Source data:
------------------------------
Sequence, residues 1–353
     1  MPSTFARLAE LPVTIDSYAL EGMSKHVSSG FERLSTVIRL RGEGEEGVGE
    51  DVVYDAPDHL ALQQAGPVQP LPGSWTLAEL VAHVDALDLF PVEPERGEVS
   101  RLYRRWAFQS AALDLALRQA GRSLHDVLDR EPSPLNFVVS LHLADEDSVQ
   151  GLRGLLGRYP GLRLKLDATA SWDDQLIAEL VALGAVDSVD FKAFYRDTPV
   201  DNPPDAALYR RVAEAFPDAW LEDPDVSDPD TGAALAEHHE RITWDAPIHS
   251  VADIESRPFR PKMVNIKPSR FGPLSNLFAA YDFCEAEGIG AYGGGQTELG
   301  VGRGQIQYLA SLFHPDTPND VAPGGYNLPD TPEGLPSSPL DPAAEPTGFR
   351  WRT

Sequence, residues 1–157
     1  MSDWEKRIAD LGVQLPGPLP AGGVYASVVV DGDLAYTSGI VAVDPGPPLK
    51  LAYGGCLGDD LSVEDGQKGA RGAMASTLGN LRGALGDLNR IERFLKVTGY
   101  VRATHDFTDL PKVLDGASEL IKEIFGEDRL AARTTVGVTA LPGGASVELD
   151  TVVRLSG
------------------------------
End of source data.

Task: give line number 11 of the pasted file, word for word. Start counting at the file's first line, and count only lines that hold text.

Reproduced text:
     1  MSDWEKRIAD LGVQLPGPLP AGGVYASVVV DGDLAYTSGI VAVDPGPPLK